[time-nuts] any way to bootstrap a frequency standard into a, voltage or resistance standard?
kirbybq at bellsouth.net
Fri Nov 28 09:03:26 UTC 2008
Geller's specs are not is good as you have quoted. The 10 volts +/-10uv
is very, very short term.
BUT, it really depends what you are looking to do with the voltage
references.....it may meet your requirements.
From his site:
Temperature Coefficient "L" grade: 5 ppm / ºC
Short term transfer accuracy: better than +/- .0005% absolute (+/-
Short term transfer accuracy applies in the short term at the
reported temperature and at the specified power supply voltage (15.0V
for 10V SVR references) after of warm up period of 30 to 60 minutes, <10
ppm within 5 minutes.
All reference boards and boxes are calibrated to within +/- 10 uV
absolute and guaranteed to remain longer term (6 months) within +/- 500
uV (+/- .005%) of absolute as rated.
Extra trim resistors are added to narrow the trim range for easier
calibration. Calibration data is reported to 10 uV resolution (.0001%).
The AD587 series reference chips are rated at 15 ppm / 1,000 hours of
operation. Very close inspection of most monolithic reference chip
family specification sheets reveals a 1,000 hour rating generally
ranging from 10 to 60 ppm / 1,000 hours.
end of his quotes =======
if you really need a good voltage reference, consider the LM199 series
which is affordable. But you will have to burn it in and have it
calibrated. These are heated buried zeners and were used in the HP3456A
(2ppm) and HP3457A (5ppm) multimeters, and others. The LM399A is
rated at 1 ppm/C and has a time stability of 8-20 ppm a year.
if you have a little more money to spend, consider the LTZ1000, which is
used in the HP3458A multimeter, and the national Instruments PXI-4071
DMM. The LTZ1000 is rated at 0.3ppm/C and has a time stability of 8 PPM
You will also find, that maintaining voltage references are a little
more difficult then time/frequency - we all have GPS or LORAN to verify
our time standards, etc. You either have to have the equipment to
monitor the voltage references, or send them out for calibration. I
prefer to leave standards/references where they are for stability
reasons, and send the test equipment out for regular calibration. You
have the same environmental problems, you name a stable temperature
environment to operate them in.
Linear, the IC manufacturer, has many applications notes on the
LM199/399 and LTZ1000 series - and they can show you how to build a good
reference and they can save you a lot of common pitfalls. When you get
into measuring microvolts at 6 to 10 volt levels you have to account
Kelvin/Seebeck thermal and galvanic effects.
If your requirements are less than what I have mentioned here, check on
the Xicor X60008 (Intersil has bought them). They make a reference
thats good to a half a millivolt level at 5V, and it has some promising
specs. I have 5 units they sent me for evaluation that have been
burning in for 2 years.
If you have the instrumentation, you can also pick up a standard cell
off of fleabay - but make sure the voltage is good - I've seen too many
of these units sold and they are below specifications for using as a
transfer standard. If they can not tell you the voltage of the cell,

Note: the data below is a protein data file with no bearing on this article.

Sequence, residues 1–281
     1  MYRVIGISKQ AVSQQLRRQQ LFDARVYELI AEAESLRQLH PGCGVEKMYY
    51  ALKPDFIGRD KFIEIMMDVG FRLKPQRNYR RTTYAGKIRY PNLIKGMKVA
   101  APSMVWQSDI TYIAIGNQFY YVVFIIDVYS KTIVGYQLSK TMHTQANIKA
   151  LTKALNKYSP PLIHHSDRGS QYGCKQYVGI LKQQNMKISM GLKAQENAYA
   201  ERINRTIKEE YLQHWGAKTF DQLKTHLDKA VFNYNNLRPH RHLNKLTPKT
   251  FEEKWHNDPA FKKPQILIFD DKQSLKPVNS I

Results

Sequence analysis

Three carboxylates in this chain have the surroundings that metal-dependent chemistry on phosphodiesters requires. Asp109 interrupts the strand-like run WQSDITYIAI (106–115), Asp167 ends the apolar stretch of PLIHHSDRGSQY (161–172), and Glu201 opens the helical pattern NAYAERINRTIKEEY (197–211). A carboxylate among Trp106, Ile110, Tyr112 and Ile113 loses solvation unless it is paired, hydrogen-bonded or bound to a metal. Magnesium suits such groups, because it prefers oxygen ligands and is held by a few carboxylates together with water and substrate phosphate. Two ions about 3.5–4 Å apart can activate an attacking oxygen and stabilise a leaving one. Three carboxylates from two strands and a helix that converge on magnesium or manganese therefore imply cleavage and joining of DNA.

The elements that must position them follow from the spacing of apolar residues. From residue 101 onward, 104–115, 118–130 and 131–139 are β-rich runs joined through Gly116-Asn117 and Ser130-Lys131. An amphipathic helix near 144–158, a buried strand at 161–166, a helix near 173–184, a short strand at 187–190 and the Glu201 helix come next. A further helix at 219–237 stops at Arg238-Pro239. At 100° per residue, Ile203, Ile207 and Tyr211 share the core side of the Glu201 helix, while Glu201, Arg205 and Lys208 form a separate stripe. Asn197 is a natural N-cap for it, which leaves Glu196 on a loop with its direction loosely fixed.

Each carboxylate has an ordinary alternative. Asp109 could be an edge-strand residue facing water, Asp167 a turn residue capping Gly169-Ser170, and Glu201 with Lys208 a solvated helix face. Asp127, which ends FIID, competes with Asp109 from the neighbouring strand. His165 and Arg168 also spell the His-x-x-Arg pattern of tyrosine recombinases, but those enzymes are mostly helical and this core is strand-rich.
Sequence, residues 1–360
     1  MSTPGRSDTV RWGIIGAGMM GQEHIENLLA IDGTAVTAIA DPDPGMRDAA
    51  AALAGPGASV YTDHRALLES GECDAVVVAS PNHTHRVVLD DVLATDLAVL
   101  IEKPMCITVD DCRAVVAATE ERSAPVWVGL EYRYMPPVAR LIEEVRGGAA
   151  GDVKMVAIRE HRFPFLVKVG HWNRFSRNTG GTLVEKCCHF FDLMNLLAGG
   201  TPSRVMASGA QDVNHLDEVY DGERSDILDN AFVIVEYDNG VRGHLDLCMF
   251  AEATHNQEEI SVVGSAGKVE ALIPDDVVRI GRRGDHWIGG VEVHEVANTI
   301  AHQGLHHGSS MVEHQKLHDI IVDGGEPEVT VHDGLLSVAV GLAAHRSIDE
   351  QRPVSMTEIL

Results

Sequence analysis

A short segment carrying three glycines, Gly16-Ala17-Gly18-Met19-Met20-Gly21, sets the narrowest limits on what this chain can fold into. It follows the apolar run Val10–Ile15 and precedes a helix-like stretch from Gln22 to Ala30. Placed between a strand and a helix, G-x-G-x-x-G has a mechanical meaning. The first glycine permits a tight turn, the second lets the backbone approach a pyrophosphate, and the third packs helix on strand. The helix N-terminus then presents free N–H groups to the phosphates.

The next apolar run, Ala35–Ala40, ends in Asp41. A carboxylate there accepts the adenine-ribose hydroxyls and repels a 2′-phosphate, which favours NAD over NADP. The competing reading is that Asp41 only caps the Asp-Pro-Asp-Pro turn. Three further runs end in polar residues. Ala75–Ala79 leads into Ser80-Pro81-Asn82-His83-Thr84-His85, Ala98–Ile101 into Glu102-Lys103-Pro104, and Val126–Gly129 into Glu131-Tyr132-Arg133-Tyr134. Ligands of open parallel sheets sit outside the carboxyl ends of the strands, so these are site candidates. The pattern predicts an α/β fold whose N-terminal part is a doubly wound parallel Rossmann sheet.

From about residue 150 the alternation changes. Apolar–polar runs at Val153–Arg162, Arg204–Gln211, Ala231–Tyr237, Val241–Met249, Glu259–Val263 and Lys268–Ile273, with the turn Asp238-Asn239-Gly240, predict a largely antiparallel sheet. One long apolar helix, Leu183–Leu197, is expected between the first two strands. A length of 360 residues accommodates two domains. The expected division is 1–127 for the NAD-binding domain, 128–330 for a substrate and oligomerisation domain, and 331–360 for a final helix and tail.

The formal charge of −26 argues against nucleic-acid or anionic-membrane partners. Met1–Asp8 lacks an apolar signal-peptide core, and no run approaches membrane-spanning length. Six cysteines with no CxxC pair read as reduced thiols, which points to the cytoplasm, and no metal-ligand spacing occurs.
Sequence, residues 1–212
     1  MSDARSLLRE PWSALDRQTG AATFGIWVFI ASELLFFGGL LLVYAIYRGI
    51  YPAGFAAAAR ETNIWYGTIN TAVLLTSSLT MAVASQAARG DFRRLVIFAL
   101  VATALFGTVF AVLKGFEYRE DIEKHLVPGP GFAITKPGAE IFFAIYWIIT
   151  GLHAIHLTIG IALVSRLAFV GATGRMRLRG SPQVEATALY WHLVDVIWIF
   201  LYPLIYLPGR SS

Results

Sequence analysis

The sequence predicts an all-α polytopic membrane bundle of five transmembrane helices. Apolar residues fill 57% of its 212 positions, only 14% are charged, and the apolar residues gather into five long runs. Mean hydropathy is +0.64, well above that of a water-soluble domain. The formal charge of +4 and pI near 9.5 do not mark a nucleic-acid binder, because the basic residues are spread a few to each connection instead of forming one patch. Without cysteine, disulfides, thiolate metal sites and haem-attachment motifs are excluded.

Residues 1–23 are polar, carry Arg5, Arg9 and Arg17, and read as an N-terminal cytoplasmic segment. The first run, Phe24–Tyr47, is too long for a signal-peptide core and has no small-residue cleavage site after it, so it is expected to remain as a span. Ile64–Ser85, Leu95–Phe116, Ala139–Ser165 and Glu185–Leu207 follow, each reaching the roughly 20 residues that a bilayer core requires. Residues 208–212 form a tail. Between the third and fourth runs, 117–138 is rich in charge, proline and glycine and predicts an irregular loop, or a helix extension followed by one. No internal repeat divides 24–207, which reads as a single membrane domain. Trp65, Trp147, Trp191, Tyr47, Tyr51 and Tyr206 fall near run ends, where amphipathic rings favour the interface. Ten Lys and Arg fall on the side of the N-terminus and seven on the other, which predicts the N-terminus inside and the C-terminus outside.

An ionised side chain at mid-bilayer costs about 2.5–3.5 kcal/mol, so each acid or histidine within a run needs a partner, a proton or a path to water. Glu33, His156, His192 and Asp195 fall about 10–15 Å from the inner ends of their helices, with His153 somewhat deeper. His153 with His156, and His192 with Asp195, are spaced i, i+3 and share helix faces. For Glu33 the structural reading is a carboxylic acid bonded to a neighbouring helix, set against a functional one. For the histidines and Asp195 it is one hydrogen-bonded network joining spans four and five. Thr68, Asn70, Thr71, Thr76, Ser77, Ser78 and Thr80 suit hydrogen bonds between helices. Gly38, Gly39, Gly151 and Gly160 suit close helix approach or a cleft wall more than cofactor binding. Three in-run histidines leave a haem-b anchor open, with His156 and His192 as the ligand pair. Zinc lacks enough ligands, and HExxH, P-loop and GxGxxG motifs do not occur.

don't buy it. Any body with a decent DVM can check one quickly to see
if its OK. Nominal is 1.0183 volts - and there are differences between
saturated and unsaturated cells that you need to read up on.
You may consider purchasing a HP3456 or 3457A off of fleabay and put it
in a calibration program. I have picked these meters up for around
$150, and the local cal lab here calibrates the 3456A for $200 and the
3457A for $160. They give me before and after data and I cal them every
2 years. You can also pick up Fluke voltage calibrators or differential
voltmeters, too from fleabay...
These multimeters can also measure your "calibrated resistors" with
extremely good accuracy - they can use what is called 4 wire
measurements - where they compensate for voltage drop in the measuring
In "the good old days" Mallory (Duracell) use to sell a mercury battery
voltage reference that was the workhorse of many labs. It was like 10
cells in series and they brought out each tap. But since mecury is bad
news now...they are a part of history.
Ed Palmer wrote:
> It's nowhere near the idea of a Josephson array, but if a NIST-traceable 10V +-10uV reference is good enough to satisfy your voltage-nut urges, you can buy it from www.gellerlabs.com for $35.
> I also have a few standard resistors (e.g. 1.000002 ohms) that I'd be interested in calibrating, but I can't seem to come up with a practical way of doing it.
> Frustrating, isn't it? :-)
> Scott Burris wrote:
>> Now that many of us have a nice 10Mhz reference courtesy of TAPR,
>> I was wondering if there was any way to use that to build a precise
>> voltage or resistance standard?
>> I've got once of those high precision standard resistors with a sticker
>> on it noting the actual measured resistance. Is it still accurate? Who
>> As well, I have a +5v reference that uses an Analog Devices precision
>> reference chip as its source. I have more faith that this reference is
>> correct within the tolerances specified in the datasheet.
>> Now if I could somehow take that frequency reference and derive a
>> voltage standard or the like, I'd be in business. But I can't think
>> of a way that wouldn't require calibration of some sort, and if I had
>> the means to calibrate, I wouldn't need the standard in the first place.
>> Any voltage-nuts or resistance-nuts out there?
> time-nuts mailing list -- time-nuts at febo.com
> To unsubscribe, go to https://www.febo.com/cgi-bin/mailman/listinfo/time-nuts
> and follow the instructions there.
More information about the time-nuts